Posts Tagged ‘minimum wage’

Wage and hour roundup

  • “President Obama says there is ‘no solid evidence’ [that higher minimum wages kill jobs]. Yes there is — lots of it.” [Tyler Cowen channeling David Neumark etc.] “The minimum wage arose in the early 20th century as a Progressive policy designed to [harm] low-wage workers,” and it worked [Deirdre McCloskey]
  • “The car wash industry: a case study of how the $15 minimum wage will destroy immigrant jobs” [Jim Epstein, Reason] “Weak Enforcement Will Blunt the Impact of New York’s $15 Minimum Wage” [same] District of Columbia jumps with its own $15 law [Charles Hughes, Cato]
  • Ugly Betty, stranded in Queens? New overtime edict could cut off entry-level jobs in fields like fashion journalism [New York Times] New overtime regs draw fire from one left-leaning group whose own paid canvassing operations are affected, PIRG (Public Interest Research Group);
  • New York attorney general, in legal action, seeks to hold Domino’s liable for franchisees’ alleged wage underpayment [Reuters]
  • Millions of workers had better get used to time sheets or corresponding apps from now on [Bill Pokorny, SHRM via Steve Miller on Twitter] Travel time will make an added complication [Daniel Schwartz] A “‘deer-in-the-headlights moment’ for small businesses” [Akin Oyedele, Business Insider]
  • Will Republicans in Congress block the overtime rule? [Connor Wolf, Daily Caller] Or will Congress take the less principled step of merely exempting itself? [Veronique de Rugy, earlier]

Wage and hour roundup

  • Los Angeles hotel workers catching on to real intent of city ordinance carving out sub-minimum wage at unionized employers [Scott Shackford, Reason, earlier] “Why Sports Authority is throwing in the towel and closing all of its stores” [Kevin Smith, San Gabriel Valley Tribune/Pasadena Star-News]
  • “France might pass a law that makes it illegal to send after-hours work emails” [Washington Post]
  • Boiled at slightly lower temperature: DoL considering knocking down salary threshold a bit, $47,000 rather than $50,440, for its awful upcoming overtime mandate [Jon Hyman; video from Partnership to Protect Workplace Opportunity, group critical of regs; earlier here, etc.]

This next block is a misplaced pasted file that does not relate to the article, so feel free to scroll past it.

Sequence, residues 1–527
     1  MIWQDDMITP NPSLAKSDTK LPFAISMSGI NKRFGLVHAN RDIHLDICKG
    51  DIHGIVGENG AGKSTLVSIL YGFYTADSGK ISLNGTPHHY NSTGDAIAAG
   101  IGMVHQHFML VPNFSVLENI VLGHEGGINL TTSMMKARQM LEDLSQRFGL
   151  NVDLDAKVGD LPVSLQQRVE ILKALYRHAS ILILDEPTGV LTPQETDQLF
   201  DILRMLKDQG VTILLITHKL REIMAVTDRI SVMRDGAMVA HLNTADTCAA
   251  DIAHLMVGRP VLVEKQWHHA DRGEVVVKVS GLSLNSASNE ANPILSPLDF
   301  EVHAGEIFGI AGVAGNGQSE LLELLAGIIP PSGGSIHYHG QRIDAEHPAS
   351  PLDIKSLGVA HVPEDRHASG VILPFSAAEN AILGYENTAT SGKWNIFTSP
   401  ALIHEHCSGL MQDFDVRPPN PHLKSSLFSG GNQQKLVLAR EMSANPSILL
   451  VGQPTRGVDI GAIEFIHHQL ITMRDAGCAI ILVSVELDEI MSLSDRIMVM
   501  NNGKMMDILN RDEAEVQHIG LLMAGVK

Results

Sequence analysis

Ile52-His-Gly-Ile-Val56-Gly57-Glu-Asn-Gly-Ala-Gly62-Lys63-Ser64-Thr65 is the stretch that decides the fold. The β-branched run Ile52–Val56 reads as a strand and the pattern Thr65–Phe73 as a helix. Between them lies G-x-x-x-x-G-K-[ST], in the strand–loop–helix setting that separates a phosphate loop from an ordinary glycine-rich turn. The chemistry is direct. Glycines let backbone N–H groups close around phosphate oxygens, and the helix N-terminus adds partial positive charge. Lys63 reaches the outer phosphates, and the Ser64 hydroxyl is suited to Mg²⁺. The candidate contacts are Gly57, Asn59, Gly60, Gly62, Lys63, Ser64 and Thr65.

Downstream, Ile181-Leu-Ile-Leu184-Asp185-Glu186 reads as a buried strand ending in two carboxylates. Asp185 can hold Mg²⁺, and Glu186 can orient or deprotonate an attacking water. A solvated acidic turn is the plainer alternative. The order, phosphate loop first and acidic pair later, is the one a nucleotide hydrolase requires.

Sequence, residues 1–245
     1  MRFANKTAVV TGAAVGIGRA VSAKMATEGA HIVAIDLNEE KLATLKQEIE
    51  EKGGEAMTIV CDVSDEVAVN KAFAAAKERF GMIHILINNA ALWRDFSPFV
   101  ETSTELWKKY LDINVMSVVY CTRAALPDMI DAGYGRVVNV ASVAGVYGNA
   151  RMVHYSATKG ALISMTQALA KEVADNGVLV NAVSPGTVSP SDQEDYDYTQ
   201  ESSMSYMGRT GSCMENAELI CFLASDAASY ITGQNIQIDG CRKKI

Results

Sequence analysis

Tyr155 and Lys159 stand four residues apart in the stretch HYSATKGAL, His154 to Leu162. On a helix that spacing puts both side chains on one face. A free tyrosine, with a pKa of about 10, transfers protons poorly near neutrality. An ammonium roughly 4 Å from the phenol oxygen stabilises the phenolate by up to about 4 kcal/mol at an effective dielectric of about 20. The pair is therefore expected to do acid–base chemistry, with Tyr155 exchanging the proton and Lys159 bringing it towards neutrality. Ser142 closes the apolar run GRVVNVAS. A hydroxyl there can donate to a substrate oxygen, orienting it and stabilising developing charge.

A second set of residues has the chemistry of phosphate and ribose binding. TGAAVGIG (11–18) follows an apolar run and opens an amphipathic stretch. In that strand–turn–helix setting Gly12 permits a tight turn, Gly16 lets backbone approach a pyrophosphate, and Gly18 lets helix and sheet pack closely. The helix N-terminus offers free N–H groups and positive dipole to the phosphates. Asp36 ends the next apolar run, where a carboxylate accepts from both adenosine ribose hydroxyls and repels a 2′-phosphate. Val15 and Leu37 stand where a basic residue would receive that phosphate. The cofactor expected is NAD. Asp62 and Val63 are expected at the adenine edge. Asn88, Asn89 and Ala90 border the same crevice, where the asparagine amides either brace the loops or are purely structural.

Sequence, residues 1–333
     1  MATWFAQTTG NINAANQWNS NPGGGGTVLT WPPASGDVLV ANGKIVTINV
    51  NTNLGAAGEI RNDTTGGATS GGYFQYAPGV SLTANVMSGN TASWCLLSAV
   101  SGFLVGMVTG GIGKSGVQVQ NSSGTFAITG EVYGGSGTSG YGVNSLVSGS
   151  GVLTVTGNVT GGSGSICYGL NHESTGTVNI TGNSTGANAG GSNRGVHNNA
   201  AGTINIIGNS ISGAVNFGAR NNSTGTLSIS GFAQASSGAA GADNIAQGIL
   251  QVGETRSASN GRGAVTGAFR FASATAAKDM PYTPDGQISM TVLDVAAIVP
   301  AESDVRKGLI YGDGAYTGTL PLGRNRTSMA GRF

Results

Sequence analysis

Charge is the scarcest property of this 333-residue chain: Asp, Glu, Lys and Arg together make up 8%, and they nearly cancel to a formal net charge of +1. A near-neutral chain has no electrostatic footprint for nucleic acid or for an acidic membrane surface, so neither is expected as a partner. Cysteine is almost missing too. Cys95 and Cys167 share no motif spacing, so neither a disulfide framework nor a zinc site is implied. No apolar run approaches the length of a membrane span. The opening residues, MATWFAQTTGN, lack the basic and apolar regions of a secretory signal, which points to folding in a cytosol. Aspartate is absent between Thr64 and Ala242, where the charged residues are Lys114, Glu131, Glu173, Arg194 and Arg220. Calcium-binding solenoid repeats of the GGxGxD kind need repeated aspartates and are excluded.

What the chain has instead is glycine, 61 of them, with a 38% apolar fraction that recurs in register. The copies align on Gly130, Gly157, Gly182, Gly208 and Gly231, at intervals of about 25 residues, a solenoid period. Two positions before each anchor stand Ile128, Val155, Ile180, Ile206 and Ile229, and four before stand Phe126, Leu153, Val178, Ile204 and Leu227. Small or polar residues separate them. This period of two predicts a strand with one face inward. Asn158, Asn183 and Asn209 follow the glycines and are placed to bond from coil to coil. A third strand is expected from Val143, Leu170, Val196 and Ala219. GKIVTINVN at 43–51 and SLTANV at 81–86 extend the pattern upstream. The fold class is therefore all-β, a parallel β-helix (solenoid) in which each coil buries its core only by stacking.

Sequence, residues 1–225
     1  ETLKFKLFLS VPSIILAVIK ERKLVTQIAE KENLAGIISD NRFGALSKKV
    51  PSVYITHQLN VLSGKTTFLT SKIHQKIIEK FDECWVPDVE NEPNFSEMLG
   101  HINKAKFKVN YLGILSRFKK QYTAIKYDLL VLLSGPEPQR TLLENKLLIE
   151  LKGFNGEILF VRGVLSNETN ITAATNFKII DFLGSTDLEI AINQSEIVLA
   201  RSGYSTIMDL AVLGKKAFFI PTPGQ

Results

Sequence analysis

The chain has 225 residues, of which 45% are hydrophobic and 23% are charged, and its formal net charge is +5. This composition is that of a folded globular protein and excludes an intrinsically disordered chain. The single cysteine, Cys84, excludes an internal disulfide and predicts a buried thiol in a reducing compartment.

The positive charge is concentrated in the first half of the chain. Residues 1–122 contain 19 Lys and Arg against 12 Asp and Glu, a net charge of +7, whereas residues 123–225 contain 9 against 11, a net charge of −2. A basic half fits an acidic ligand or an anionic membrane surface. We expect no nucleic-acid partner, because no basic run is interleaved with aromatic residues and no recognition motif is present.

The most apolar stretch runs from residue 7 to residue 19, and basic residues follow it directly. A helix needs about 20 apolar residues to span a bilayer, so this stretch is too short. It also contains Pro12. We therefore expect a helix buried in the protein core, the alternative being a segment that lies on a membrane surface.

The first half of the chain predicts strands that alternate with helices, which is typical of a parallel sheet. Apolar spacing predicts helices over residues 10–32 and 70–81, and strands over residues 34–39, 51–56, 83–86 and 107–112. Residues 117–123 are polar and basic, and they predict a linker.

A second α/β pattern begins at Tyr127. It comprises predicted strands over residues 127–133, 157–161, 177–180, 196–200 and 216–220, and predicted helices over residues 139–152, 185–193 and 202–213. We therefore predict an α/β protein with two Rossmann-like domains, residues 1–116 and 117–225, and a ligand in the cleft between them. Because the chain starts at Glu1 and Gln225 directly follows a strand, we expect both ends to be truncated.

• “Eleventh Circuit Reins in NLRB’s Mischaracterization of Independent Contractors as ‘Employees'” [John Park, Washington Legal Foundation]
  • “Relax Everyone: NELP’s New Report Says The Minimum Wage Doesn’t Cost Jobs” [Tim Worstall] “The Economic Denialism of a $15 Minimum Wage” [John McGinnis; Chris Edwards/Cato] David Henderson scrutinizes work by left-wing Berkeley economist Michael Reich backing $15 minimum [EconLog]
  • Idea of abolishing the tip system, pushed by some labor activists and eyed as a fallback by businesses tied up in wage law knots, meets with huge resistance from restaurant staff in U.S. [NPR]
  • “Hillary Clinton Just Turned the Democratic Party Into the Party of the $15 an Hour Minimum Wage” [Peter Suderman]

Wage and hour roundup

  • Finally, Republicans introduce bill to stop Obama’s overtime edict [SHRM, Connor Wolf, Veronique de Rugy] “Congress realizes new overtime rules stink” at least as applied to themselves [Suzanne Lucas, Evil HR Lady, earlier] Knowing whether you’re in FLSA compliance can be tricky enough to fool HR specialists [Eric Meyer]
  • “German army forced to lay down weapons due to ‘overtime limits'” [Telegraph, U.K.]
  • “Minimum Wage Hike Kills Popular Upstate NY Eatery” [Legal Insurrection] “Please don’t be the reason the future of our farm ends here and now” [WENY, upstate New York]
  • “How raising the minimum wage hurts disabled workers” [Naomi Schaefer Riley, Philanthropy Daily] Maryland moves to end exception that allowed workshop programs for the disabled to pay subminimum wages, and if clients sit at home as a result, at least they’ll have their rights on [Capital News Service]
  • Proposed D.C. ordinance restricting “predictive scheduling” of employee hours would snarl retail and restaurant operations [E. Faye Williams, Huff Post]
  • “Economically, minimum wages may not make sense,” said Calif. Gov. Jerry Brown, and then proceeded to sign the bill [Scott Shackford, Reason] “UC Berkeley Touts $15 Minimum Wage Law, Then Fires Hundreds Of Workers After It Passes” [Investors Business Daily]

Estimate: $15 wage to cost California taxpayers $3.6 billion/year